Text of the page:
Sunday, September 11, 2011

The Statistical Tenth Anniversary of 9/11

I don’t have all that much to say about today’s 10th anniversary of 9/11. I was about three miles from the Pentagon on that awful morning; almost close enough to have witnessed the plane crashing into its side. A friend of my wife was working there at the time, but she made it out okay. I remember saying to my wife at home that evening that the world would never be the same. I was right, of course, but in so many ways that I would never have expected.

Rather than rant and rail and the sheer and utter collective and bipartisan stupidity of our government since that day, I thought I would let the statistics (hat tip to do the talking instead:

U.S. Military Deaths in Afghanistan = 1752

U.S. Military Deaths in Iraq = 4474

Other Military Deaths in Afghanistan = 947

Other Military Deaths in Iraq = 318

Total U.S. Military Wounded in Iraq = 33,139

Total Civilian Deaths in Iraq = over 100,000

Total Cost of War in Iraq = over $794,000,000,000

Total Cost of War in Afghanistan = over $452,000,000,000

Total Combined Cost of Wars = over $1,246,000,000,000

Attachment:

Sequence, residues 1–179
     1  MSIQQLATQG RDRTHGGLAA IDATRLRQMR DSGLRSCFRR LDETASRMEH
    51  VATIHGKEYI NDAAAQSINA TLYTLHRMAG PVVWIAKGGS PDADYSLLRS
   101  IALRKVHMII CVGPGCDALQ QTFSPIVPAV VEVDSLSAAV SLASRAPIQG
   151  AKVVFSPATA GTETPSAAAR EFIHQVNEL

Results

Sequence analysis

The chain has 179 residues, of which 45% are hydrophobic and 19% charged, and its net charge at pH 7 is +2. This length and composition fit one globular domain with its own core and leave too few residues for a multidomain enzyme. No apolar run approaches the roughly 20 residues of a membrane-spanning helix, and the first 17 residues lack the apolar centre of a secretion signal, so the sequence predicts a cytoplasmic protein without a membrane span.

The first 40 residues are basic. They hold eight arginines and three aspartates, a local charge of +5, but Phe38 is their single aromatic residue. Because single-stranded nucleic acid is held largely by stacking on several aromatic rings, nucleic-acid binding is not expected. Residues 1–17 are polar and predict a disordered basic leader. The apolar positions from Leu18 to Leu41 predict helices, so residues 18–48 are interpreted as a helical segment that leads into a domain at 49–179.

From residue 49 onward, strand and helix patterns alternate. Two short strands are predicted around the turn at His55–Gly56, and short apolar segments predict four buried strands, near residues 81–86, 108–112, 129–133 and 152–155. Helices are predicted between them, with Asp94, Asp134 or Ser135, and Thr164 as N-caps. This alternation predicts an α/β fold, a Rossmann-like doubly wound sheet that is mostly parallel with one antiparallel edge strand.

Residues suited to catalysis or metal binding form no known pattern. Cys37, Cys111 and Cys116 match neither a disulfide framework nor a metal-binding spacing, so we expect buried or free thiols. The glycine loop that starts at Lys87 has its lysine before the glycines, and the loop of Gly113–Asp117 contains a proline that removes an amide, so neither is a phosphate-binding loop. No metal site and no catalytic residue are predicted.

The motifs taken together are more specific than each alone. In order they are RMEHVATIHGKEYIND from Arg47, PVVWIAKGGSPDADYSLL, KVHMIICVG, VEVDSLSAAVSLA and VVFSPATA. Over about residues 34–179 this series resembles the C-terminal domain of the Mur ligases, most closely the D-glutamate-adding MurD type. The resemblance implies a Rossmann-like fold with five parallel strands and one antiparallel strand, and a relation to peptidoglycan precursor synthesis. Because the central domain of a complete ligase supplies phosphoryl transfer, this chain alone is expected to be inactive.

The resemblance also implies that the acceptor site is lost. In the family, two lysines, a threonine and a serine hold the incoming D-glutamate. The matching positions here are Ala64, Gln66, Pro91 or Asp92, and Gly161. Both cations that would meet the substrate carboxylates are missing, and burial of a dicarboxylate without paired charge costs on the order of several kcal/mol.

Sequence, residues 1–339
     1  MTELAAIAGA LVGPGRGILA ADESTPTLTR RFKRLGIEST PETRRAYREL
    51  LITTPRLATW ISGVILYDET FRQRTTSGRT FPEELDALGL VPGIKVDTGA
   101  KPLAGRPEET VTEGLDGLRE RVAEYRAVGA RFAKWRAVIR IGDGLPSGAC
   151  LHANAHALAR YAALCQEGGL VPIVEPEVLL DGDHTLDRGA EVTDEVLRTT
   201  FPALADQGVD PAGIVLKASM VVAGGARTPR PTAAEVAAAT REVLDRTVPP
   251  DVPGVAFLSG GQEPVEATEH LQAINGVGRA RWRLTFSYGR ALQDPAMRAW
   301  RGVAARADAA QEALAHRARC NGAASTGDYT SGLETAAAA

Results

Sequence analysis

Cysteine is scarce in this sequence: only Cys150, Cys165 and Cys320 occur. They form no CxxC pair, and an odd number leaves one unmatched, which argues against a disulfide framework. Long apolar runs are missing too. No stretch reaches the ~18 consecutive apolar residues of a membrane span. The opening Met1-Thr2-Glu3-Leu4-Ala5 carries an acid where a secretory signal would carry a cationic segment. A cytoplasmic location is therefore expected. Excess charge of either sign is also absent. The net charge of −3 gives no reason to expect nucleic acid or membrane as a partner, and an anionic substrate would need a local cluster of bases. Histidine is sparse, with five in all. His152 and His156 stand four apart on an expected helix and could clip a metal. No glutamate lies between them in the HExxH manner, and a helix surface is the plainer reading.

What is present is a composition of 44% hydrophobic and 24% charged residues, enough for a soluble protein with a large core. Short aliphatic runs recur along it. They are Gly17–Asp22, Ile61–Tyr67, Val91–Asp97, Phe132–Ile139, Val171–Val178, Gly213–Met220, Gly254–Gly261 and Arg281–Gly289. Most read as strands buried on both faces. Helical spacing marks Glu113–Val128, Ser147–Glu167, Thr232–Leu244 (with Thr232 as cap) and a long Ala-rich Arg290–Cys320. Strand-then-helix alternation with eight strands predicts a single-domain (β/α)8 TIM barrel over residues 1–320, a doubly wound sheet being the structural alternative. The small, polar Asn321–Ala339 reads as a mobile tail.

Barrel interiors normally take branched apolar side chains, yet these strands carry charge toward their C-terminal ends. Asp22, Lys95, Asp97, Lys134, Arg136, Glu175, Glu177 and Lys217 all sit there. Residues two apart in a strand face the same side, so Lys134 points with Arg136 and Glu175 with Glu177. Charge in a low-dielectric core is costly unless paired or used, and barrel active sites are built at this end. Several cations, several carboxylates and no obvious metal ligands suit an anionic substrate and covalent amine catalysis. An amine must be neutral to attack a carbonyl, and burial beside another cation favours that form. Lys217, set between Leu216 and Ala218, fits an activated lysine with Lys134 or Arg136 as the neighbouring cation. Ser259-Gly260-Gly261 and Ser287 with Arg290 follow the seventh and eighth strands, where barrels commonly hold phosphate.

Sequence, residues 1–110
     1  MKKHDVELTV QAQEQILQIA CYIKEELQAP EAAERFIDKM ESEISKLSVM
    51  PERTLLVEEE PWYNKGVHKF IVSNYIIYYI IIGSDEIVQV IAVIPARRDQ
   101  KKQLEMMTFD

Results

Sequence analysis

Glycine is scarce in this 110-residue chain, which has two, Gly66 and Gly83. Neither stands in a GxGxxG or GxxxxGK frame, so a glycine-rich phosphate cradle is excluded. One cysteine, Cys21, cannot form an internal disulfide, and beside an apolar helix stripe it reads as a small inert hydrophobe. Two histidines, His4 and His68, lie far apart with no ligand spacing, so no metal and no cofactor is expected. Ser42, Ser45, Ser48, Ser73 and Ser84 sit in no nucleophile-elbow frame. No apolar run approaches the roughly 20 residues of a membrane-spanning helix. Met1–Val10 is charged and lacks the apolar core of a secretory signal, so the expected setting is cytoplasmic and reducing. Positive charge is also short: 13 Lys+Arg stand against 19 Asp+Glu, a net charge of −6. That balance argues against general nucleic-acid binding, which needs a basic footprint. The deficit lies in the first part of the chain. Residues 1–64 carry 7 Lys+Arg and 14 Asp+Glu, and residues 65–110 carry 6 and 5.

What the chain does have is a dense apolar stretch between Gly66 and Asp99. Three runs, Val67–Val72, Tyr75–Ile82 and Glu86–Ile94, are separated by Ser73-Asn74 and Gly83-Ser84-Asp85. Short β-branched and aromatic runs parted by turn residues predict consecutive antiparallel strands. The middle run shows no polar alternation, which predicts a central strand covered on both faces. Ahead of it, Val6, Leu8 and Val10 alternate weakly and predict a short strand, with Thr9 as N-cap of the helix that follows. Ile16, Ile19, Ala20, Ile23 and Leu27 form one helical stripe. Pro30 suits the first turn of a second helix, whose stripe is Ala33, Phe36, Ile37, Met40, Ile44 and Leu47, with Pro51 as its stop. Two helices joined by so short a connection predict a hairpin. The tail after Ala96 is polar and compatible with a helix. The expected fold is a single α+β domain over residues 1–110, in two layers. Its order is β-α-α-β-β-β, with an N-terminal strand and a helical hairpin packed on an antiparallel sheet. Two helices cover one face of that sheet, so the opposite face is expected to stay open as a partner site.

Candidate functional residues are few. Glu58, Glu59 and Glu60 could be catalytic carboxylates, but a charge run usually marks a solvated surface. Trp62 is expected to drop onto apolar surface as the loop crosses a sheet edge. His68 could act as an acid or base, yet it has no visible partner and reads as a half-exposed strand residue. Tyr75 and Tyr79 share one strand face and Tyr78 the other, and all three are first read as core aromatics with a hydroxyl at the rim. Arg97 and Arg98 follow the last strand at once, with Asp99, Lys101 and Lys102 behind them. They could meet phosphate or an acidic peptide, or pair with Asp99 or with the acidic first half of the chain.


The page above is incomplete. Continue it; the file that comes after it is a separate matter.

"Every gun that is made, every warship launched, every rocket fired signifies in the final sense, a theft from those who hunger and are not fed, those who are cold and are not clothed. This world in arms is not spending money alone. It is spending the sweat of its laborers, the genius of its scientists, the hopes of its children. This is not a way of life at all in any true sense. Under the clouds of war, it is humanity hanging on a cross of iron." – Dwight D. Eisenhower


  1. Due to the near constant drumbeat of 9/11 stories in the media, the topic has been on my mind quite a bit recently.

    I was trying to determine how I actually felt about this anniversary.

    On the one hand, I am truly sympathetic to all those who lost family, friends, colleagues, etc. Such a loss is a void that no words or deeds can ever fill, and I will not try to do so. These folks have the right (as we all do) to feel as they do.